The following is the second part of a two-part interview originally posted on First Fruit Inc.’s blog. Click here to read part 1.
Camille and Esther Ntoto, founders of Un Jour Nouveau, continue their riveting challenge to the Church as they describe what it is like for girls and women in the Democratic Republic of Congo (DRC). This is the second of a 2-part interview.
First Fruit: Why is the Church sometimes complicit in the problem of gender inequality?
Tucked away in the bowels of Leviticus is a simple law that I feel sheds deep insight in our poverty alleviation strategies today. It is called the law of gleaning.
A few months ago I was visiting a farm of a friend of mine and I was watching as an employee emptied some hay into a feeding trough of some kind. He was using some sort of a Bobcat/ front in loader to do it. As he picked up the hay, some would fall off the bobcat claw and land on the ground around the trough. When he finished loading the trough he came by with a rake and picked up the loose hay and dumped it into the trough. The whole process reminded me of gleaning. The “loose hay” was kind of like the extras that the farmers of Leviticus were told to leave for the poor to glean.
We are excited to share the amazing work of local NGO Un Jour Nouveau (Africa New Day) in Democratic Republic of Congo. The following article originally appeared on First Fruit, Inc.’s blog. It is reposted with permission.
In helping to launch the United Nations campaign called HeForShe, actress Emma Watson states:
“Sadly I can say that there is no one country in the world where all women can expect to receive [the same rights as men]. No country in the world can yet say they have achieved gender equality.”
Christians are the followers of the One who saw dignity and God’s image in the Samaritan woman, and treated her with a regard that defied culture and convention.
Sitting in my office, I was listening to someone tell me how I need to be distant from others to prove that I had ‘arrived’. Of how I needed to be in control all the time and not show a single sign of weakness. It got me thinking that living in a world that edifies power and talks of ‘survival of the fittest,” leaves little room for people who may be vulnerable or marginalized. In fact, it leaves little room for all of us– as we all are imperfect–and it gives rise to the masks that we wear. But there are many who cannot wear masks or choose not to wear them. It is these people who show us what community is like.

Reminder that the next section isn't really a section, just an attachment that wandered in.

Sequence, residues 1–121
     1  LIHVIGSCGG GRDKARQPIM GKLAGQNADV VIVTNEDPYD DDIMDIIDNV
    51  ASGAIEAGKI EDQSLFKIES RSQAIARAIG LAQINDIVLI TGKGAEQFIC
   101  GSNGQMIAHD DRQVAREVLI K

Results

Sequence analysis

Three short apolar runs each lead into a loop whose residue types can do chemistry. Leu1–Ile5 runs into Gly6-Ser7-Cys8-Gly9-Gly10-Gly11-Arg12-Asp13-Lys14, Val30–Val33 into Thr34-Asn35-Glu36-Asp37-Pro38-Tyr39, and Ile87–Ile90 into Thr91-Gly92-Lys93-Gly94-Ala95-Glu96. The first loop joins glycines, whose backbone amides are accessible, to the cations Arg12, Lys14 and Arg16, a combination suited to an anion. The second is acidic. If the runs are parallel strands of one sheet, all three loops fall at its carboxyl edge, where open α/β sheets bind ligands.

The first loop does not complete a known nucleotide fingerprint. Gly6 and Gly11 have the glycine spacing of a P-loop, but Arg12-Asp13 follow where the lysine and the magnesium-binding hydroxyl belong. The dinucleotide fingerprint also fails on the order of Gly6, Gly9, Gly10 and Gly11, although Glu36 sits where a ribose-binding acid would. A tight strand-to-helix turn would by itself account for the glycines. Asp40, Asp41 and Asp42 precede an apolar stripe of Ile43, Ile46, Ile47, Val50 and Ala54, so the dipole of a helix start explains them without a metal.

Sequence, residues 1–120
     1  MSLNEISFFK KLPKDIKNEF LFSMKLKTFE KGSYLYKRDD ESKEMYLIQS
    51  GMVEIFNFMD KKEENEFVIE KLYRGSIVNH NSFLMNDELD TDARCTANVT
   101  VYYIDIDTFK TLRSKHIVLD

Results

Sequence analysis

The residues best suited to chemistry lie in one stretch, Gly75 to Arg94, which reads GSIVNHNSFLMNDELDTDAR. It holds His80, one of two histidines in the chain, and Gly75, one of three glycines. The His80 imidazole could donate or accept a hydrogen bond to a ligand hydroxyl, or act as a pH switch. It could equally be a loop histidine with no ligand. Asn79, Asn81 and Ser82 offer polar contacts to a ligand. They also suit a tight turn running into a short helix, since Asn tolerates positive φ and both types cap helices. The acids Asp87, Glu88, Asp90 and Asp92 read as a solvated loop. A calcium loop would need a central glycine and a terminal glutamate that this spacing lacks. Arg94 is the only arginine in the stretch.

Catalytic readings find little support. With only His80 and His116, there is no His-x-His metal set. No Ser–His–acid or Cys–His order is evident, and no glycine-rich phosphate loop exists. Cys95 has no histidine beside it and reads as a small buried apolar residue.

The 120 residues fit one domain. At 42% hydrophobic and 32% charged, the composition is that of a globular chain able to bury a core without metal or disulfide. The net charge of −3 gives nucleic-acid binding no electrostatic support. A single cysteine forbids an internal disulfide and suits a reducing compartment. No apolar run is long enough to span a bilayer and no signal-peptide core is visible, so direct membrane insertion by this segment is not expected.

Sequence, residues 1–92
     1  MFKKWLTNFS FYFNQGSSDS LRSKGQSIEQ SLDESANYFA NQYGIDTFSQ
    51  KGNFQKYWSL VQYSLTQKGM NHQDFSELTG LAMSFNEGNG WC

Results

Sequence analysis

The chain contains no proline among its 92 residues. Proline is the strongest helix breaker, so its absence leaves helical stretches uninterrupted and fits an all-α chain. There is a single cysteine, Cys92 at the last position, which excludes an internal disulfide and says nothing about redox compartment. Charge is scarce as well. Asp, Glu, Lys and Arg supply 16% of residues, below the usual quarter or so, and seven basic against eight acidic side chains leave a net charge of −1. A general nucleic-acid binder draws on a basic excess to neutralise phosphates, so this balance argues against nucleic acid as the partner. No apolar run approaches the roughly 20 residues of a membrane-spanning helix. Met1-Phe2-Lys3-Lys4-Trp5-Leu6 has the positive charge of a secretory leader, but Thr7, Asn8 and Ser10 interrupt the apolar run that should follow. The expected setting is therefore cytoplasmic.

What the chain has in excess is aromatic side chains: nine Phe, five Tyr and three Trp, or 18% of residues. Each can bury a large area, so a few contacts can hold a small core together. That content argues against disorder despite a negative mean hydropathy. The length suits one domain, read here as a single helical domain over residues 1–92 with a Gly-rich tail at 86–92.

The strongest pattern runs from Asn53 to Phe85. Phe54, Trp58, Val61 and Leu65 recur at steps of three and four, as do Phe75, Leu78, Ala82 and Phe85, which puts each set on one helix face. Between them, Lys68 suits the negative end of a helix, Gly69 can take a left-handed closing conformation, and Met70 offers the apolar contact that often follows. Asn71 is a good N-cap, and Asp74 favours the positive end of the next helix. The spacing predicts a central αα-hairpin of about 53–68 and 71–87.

One of the realities of middle-class life in India is relating to people who beg. But there are two kinds of people who beg, just as there are two kinds of people in other parts of society: those with a sense of dignity, and those who have lost theirs.
Every few days my wife and I meet a Eunuch at a traffic light, a member of the transgender community in India which takes to begging because of being ostracized from regular jobs. This Eunuch begs, but with dignity. Most people who come to the window of our car asking for alms do so aggressively. There is a hardness in their eyes whether children or adults, an aggression—oppressiveness even—with which they relate to the world around them, not letting go of you till the traffic light forces them to. Urban poverty and its depravities strip many human beings of their humanity, and reciprocally, they treat the world around them in kind.
Five hours a week. That is how much time the typical family has left to serve others.
This statistic came from a pastor friend who did a basic survey in his personal church. (And his name is NOT George Barna) He found that after:
- Work is finished
- Kids are shipped off to soccer practice and basketball games
- Groceries are bought
- Family entertainment is exhausted
- Church commitments are finalized
… the families of his church have around 5 hours left…… to relax, decompress and serve others.
Last year I wrote a blog challenging us to move from ‘helping the poor’ to ‘loving our neighbor.’ The intention wasn’t that we should stop serving those who are the vulnerable around us. The story of the Good Samaritan makes it clear—loving our neighbour definitely includes:
- being interrupted
- to help someone with needs
- who you may have no connection to at all.
As I shared, we need to change the way we think about being involved in others lives. Too often we leave the poor feeling like they are a project to cross off our to-do lists rather than people we genuinely care about.